How Technology Will Fuel a New Business Boom

How Technology Will Fuel a New Business Boom

Here at Blue Horizon Venture Consulting, we’ve been preparing for the next wave of interest in small business and the need for preparing fundable business plan packages and capital raising documents for clients.

Technology has always been at the forefront of great booms in business – from the printing press to electricity, to the automobile, to personal computers, and most recently, the Internet. Vast fortunes have been amassed by people fortunate enough to be at the right place at the right time who took the interest, and actions necessary to capitalize on the latest technological breakthrough.

As human knowledge and information have grown, we seem to make exponential leaps forward in the amount of things that get developed and brought to market. It seems that only capital constraints keep us from making these developments a reality. But as we emerge from the great recession (which surely won’t be without some fits and starts), we should start to see more and more promising developments hitting the market.

Here are just a few of the most promising things we see coming:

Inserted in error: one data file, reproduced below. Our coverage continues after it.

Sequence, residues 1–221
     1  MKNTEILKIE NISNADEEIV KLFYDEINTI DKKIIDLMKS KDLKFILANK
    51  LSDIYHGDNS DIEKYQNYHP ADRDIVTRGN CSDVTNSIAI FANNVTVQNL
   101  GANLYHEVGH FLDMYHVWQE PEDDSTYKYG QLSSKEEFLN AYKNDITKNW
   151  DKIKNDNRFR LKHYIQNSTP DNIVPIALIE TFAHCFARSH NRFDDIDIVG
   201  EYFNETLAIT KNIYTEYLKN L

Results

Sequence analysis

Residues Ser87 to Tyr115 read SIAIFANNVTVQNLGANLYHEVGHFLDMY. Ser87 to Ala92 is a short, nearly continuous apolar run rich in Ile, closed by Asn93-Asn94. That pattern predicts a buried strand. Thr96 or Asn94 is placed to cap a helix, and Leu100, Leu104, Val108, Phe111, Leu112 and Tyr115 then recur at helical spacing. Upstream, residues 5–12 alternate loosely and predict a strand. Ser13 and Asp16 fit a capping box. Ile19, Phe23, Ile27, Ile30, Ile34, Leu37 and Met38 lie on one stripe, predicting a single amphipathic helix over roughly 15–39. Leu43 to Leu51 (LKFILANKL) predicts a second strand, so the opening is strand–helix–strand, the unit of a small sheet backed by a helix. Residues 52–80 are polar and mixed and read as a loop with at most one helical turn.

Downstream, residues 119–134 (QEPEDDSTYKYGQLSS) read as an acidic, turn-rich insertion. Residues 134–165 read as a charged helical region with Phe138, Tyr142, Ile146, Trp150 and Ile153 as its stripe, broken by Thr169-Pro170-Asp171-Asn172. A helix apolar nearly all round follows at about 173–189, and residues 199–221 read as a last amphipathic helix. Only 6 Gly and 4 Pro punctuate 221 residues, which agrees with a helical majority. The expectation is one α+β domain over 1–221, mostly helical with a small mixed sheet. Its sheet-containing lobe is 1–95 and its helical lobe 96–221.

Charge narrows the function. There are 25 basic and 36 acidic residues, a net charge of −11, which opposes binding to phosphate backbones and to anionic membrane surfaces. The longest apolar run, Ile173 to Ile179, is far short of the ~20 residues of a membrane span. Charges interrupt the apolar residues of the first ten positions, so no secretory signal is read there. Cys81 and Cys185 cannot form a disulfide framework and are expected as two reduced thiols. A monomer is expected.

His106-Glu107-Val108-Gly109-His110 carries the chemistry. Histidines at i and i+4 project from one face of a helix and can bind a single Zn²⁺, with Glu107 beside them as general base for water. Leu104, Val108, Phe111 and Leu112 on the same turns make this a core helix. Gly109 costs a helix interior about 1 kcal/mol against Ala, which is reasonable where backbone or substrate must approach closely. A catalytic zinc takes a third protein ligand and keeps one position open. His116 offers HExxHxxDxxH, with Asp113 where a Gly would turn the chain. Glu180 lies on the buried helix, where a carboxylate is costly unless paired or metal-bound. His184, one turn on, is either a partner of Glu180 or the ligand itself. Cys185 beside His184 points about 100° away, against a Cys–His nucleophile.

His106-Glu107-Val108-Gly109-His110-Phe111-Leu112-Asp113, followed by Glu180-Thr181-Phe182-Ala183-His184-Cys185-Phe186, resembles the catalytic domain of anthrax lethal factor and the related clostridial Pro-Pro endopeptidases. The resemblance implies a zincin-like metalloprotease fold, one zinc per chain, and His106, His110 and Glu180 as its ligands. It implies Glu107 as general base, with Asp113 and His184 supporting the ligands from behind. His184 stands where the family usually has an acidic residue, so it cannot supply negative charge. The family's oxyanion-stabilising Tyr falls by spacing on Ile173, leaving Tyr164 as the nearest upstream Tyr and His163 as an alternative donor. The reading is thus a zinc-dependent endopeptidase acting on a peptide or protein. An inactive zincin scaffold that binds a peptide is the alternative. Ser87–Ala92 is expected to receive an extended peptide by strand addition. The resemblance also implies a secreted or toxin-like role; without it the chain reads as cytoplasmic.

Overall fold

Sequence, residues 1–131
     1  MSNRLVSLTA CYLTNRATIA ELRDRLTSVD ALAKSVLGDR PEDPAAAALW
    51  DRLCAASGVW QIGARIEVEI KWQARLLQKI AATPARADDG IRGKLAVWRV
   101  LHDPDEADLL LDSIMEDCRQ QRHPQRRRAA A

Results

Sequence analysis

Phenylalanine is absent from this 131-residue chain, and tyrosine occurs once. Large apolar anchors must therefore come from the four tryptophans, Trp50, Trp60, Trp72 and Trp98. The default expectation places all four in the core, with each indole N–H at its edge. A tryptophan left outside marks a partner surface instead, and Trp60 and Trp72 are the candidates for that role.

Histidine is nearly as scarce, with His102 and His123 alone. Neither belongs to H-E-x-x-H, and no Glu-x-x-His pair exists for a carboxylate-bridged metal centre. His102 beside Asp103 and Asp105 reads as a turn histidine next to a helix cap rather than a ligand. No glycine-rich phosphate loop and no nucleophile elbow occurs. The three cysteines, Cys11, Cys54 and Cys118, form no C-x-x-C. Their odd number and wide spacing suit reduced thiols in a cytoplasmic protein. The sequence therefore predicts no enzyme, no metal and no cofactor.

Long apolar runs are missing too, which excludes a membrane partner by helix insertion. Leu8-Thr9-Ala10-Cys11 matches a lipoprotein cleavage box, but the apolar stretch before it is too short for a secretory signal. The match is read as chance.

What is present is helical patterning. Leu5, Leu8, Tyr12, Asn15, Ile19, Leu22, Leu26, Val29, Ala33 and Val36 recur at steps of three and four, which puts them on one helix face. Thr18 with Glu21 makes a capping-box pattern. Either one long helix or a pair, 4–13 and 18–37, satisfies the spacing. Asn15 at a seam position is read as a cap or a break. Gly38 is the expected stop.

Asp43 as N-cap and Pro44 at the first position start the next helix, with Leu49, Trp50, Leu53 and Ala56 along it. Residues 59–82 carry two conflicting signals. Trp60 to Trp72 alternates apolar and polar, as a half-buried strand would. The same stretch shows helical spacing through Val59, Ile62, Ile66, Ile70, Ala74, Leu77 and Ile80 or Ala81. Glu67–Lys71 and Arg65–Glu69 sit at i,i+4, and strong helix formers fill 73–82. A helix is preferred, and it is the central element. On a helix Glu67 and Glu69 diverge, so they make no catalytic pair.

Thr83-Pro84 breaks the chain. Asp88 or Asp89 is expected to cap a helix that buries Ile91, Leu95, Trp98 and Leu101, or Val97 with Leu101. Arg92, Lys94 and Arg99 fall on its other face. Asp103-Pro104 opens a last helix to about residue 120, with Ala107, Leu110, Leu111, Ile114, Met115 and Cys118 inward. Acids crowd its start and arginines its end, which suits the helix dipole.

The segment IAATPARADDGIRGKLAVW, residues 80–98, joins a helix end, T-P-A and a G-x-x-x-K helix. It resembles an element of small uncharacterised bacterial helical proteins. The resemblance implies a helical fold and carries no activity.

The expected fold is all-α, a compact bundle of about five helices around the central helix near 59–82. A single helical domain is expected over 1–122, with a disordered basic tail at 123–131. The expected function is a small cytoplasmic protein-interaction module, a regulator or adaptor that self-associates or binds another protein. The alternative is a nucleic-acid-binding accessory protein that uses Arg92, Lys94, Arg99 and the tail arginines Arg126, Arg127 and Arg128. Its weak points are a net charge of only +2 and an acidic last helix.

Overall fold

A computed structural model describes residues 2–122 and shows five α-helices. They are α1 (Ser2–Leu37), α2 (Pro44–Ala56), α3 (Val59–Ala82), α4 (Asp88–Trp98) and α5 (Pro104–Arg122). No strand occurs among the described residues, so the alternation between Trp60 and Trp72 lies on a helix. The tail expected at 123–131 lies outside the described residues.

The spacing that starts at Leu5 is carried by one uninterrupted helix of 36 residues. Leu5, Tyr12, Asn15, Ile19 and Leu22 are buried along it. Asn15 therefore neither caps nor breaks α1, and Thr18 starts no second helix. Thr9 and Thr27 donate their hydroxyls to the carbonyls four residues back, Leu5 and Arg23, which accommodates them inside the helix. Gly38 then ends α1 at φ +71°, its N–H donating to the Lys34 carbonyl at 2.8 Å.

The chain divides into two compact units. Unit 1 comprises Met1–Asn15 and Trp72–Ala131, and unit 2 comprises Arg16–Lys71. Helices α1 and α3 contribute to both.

Crowdfunding – The SEC is currently stuck in between having allowed general solicitation (advertising) and crowdfunding to accredited investors and still trying to figure out how to allow crowdfunding to non-accredited investors, AKA “the masses”. When the latter finally happens, we can expect a sea change in the way businesses are funded in the future. In fact, the entire world of finance is likely going to be turned on its head. No longer will banks and the rich elite have a corner on the world of finance and the role of the middleman, at a minimum, will be greatly reduced as business owners and investors will be able to connect directly through crowdfunding.

Related: See how small businesses benefit from crowd funding

Sky Cars – Paul Moller has dedicated a great deal of his life, career, and fortune to developing cars that can fly, and after many trials and tribulations, Moller is very close to realizing success. His cars are propelled by multiple rotary engines that surround a cockpit on a horizontal plane. This allows the cars to take off vertically, and then covert to low altitude, 300 mph flight. Imagine being able to fly from LA to Las Vegas in an hour, leaving from your own driveway. The FAA is creating the rules that will eventually govern low altitude travel. The repercussions of this are many, but a life not unlike The Jetsons, would then be possible, and real estate could essentially take on a whole new 3rd dimension into the sky.

Automated Cars – Major automakers and technology companies like Google are actively working on cars that can drive themselves. Think about a four-seat car in which the two rows of seats face each other, perhaps with a table in between much like the lounge car in a train. You program in the destination, pile family or friends in the car, or laptop and office equipment, and off you go! Before you know it, the car has safely driven you to your destination. Smart technology like this makes this quite possible in the not too distant future. Now a travel day could be a productive day as well!